Syrian Kurds to Russia: We are ready for dialogue with Damascus  

Logo of the Autonomous Administration of North and East Syria

SULAILAMNI (ESTA) — Syrian Kurds said on Sunday the Kurdish autonomous administration is ready to hold dialogue with Damascus, in response to a request by the Russian foreign minister.

On Friday, Russia’s foreign minister Sergei Lavrov said Moscow was ready to facilitate dialogue between Damascus and the Syrian Kurds.

“We are ready to encourage contacts and consultations but the sides need to have coherent positions,” Lavrov said.

The Autonomous Administration of Northern and Eastern Syria (AANES) responded to Lavrov’s call in a statement on Sunday, saying it was ready to work with Damascus to resolve issues through dialogue.

“But the main issue in the current process is that the government of Damascus does not accept the changes and does not modify its mentality,” the AANES’ department of relations said.

“The Damascus government does not seriously consider any dialogue, not only with the Autonomous Administration but also with other parties in Syria,” it added.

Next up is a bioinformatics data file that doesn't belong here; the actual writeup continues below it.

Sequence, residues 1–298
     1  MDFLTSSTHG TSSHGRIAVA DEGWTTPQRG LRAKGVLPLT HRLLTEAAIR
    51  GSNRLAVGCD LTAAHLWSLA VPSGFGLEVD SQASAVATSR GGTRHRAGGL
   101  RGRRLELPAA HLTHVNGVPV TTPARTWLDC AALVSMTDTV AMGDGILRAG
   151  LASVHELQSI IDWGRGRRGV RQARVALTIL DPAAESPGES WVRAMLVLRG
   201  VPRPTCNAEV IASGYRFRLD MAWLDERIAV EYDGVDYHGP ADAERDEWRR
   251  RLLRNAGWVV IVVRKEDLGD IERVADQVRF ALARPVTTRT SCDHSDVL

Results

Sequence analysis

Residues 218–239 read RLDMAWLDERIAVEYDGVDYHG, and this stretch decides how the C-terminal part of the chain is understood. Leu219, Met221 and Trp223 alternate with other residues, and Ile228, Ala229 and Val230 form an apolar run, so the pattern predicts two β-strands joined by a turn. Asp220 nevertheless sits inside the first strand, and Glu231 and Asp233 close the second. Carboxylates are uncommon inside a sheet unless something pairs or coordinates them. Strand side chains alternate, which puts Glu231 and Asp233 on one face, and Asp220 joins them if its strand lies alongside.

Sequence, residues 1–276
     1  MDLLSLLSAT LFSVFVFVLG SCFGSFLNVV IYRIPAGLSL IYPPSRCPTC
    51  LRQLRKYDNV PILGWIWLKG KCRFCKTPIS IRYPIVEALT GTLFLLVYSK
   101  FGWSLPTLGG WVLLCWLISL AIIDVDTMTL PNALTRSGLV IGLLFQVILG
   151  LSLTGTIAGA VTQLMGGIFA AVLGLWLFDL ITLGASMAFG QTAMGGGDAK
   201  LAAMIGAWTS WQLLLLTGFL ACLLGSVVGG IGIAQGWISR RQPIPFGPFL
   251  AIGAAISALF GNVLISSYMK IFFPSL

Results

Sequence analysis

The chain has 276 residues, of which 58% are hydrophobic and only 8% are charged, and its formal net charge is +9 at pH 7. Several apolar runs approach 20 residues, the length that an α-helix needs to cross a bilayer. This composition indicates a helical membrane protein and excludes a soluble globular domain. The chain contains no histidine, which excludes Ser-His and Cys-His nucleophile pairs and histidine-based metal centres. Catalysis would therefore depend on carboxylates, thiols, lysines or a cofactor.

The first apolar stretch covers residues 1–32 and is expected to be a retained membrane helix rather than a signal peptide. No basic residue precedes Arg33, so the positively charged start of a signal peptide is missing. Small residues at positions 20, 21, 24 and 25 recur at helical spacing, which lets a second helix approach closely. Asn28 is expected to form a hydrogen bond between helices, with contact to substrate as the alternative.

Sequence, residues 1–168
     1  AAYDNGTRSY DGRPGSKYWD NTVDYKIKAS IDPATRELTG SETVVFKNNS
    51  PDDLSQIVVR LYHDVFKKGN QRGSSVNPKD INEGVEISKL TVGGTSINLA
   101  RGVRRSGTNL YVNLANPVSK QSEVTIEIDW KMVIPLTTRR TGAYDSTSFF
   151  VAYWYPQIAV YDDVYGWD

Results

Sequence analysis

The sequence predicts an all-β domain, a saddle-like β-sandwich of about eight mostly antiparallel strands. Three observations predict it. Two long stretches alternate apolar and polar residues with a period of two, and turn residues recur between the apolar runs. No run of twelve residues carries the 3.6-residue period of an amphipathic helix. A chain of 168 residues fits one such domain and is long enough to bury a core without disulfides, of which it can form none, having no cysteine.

The Kurdish authorities further said they considered Russia’s mediator role positive and that practical results could develop in the context.

“We reiterate that we are ready for dialogue with the government of Damascus, on the condition that it takes into account the costs we have paid in the fight against terrorism in order to protect Syrian lands and our regions,” it said.

Lavrov hoped on Friday the Kurds who are interested in normalizing relations with Damascus understand the provocative nature.

“Throughout the entire period of the crisis, especially after our military contingent was dispatched to Syria at the request of the legitimate government, we have been encouraging, even through our contacts on the ground, direct relations between Kurdish representatives and Damascus so that they could begin talks on how to live together in their country,” Lavrov said.

Unlike the insurgent groups that have fought Assad across much of Syria, the main Syrian Kurdish groups are not hostile to him and say their objective is to preserve autonomy within the state.

But Damascus opposes the level of autonomy they seek. The government had threatened the U.S.-backed Kurdish forces with military defeat if they did not agree to a return of state authority.

The presence of U.S. forces has provided the Kurdish-led region with a de facto security umbrella that has shielded it from Assad and neighboring Turkey, which views the main Syrian Kurdish groups as a security threat.

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